Forget about the New Black Panther Party case; it is very small potatoes. Perhaps the Panthers should have been prosecuted under section 11 (b) of the Voting Rights Act for their actions of November 2008, but the legal standards that must be met to prove voter intimidation—the charge—are very high.Instead, she wants us to concentrate on something much more wonkinsh and boring—the racial gerrymandering that takes place every ten years or, in an attempt to make the election of minorities inevitable in "majority-minority" districts.
In the 45 years since the act was passed, there have been a total of three successful prosecutions. The incident involved only two Panthers at a single majority-black precinct in Philadelphia. So far—after months of hearings, testimony and investigation – no one has produced actual evidence that any voters were too scared to cast their ballots. Too much overheated rhetoric filled with insinuations and unsubstantiated charges has been devoted to this case.[The New Black Panther Case: A Conservative Dissent, National Review Online, July 6, 2010]
Her cri d'ennui is quoted with approval by David Brock's Media Matters.
She has a very boring point, and if you read Voting Rights—and Wrongs: The Elusive Quest for Racially Fair Elections and Whose Votes Count?: Affirmative Action and Minority Voting Rights, you'll see what she means, supposing, that is, you can stay awake.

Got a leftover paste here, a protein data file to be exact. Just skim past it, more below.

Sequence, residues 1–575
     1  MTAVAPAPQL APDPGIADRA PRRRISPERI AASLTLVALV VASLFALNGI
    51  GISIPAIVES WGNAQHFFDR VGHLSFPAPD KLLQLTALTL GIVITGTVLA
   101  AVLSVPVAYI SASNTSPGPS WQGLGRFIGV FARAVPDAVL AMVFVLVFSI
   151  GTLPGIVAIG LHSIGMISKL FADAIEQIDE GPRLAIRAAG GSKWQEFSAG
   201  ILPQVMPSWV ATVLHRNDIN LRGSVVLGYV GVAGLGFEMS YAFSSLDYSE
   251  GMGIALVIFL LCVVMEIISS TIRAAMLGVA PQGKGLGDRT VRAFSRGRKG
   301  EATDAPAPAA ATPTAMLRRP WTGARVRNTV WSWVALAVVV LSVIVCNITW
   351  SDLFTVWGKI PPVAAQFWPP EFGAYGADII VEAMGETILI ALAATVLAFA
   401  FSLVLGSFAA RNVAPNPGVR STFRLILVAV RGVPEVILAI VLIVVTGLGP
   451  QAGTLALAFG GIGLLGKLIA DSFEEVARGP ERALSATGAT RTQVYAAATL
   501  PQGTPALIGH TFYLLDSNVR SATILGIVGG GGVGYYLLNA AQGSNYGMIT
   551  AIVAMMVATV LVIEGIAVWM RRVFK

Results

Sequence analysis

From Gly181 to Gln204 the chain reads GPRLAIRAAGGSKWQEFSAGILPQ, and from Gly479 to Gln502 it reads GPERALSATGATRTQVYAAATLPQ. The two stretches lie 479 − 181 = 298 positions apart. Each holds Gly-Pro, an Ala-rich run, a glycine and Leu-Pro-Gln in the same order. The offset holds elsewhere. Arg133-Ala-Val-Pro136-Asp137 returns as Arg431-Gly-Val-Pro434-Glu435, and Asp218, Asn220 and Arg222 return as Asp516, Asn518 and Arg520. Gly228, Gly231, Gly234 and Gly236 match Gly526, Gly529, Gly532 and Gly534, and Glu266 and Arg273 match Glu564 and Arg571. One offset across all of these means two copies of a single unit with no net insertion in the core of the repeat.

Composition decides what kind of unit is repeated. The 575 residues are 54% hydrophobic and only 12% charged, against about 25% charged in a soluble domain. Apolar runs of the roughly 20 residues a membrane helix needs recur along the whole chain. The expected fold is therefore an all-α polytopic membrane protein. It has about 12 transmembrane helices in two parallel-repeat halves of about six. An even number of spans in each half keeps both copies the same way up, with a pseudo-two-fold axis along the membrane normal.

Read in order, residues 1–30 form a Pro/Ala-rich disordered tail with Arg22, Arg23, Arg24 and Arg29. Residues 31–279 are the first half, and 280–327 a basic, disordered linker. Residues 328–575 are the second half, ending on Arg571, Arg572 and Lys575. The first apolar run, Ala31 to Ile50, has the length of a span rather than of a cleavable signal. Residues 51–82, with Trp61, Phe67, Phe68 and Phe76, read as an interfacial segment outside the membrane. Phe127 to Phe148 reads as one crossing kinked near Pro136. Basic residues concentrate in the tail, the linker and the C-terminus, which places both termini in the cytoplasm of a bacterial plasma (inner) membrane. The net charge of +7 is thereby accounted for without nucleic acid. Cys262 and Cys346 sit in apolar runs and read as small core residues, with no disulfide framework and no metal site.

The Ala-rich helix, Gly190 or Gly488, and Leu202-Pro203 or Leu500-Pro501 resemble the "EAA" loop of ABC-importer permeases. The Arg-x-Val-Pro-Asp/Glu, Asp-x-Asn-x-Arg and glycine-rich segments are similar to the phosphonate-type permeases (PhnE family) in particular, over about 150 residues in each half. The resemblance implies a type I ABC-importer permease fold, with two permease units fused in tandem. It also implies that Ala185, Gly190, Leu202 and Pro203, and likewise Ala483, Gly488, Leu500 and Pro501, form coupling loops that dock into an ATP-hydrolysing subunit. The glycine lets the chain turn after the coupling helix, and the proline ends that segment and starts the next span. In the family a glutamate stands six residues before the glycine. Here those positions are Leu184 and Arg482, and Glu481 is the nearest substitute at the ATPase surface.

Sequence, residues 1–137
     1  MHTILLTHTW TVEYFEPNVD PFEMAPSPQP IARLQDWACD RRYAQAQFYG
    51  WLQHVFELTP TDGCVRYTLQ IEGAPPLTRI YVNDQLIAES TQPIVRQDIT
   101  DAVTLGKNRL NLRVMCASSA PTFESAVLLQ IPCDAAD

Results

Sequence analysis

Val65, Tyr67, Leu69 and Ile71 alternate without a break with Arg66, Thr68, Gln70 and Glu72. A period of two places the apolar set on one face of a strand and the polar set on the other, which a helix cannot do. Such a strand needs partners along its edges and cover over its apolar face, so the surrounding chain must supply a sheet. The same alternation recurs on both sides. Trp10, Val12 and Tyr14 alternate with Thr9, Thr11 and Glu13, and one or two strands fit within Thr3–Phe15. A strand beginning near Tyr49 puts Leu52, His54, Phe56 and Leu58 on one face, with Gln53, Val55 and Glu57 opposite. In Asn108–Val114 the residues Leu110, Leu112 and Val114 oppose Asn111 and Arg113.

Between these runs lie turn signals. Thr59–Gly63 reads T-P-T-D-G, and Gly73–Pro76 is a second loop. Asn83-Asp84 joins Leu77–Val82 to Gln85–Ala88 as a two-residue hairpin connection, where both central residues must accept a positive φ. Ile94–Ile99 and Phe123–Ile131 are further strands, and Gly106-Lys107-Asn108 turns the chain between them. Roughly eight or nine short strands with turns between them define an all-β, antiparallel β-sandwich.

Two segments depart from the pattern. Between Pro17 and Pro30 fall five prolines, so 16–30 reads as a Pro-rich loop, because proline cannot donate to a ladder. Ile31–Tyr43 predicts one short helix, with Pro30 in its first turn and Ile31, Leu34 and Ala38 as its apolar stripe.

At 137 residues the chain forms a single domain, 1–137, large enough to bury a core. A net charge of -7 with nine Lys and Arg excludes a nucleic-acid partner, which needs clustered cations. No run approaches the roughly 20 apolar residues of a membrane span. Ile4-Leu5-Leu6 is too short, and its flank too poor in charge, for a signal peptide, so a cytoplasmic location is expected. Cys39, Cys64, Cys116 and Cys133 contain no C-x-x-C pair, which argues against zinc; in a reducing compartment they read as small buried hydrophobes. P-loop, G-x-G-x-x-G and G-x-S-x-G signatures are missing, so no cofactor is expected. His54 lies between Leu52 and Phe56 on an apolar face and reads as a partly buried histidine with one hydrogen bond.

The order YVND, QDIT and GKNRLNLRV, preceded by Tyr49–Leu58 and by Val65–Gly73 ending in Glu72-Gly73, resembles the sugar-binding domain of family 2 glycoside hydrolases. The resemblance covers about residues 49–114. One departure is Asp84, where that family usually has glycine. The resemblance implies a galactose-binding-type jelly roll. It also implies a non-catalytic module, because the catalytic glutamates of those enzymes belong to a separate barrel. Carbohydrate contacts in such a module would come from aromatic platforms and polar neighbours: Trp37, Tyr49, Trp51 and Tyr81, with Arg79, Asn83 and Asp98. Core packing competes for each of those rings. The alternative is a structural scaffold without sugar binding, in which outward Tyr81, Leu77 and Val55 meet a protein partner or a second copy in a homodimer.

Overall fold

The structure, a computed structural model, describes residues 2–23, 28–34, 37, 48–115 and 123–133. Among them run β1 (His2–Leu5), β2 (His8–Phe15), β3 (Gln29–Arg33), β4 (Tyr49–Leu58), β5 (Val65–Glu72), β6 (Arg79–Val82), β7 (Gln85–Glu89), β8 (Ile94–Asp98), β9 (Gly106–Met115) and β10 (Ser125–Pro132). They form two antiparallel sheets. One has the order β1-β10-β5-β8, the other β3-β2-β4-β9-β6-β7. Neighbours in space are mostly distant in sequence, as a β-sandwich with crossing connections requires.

But people are moved by symbols. During the campaign for Civil Rights, the lunch counters were a symbol, the police dogs were a symbol, and bridge at Selma were symbols. When Hillary Clinton pointed out that these wouldn't have added up to much, if there weren't people like LBJ actually in office passing laws, everyone sneered, laughed, or cried out in horror.
Well, the armed Black Panther standing in the polling place door saying "You're about to be ruled by the black man, cracker," is powerful symbol, even if he's a "fringe" character. But he's not really— at Obama's DOJ, the Assistant Attorney General said, in effect, the same thing.
According to J. Christian Adams, Loretta King, (who is black) said with reference to the official photographs of Attorney General Eric Holder and President Obama that are displayed at the Department of Justice:
"I can't tell you how exciting it is to go to work every day, and look up at the photos, and see that we now have two black men running the country." [J. Christian Adams: DOJ Opponents of Race-Neutral Law Should Explain Themselves, July 6, 2010]The man with the billy club may be a fringe character, but Assistant Attorney General Loretta King isn't. She's the one who dropped the charges.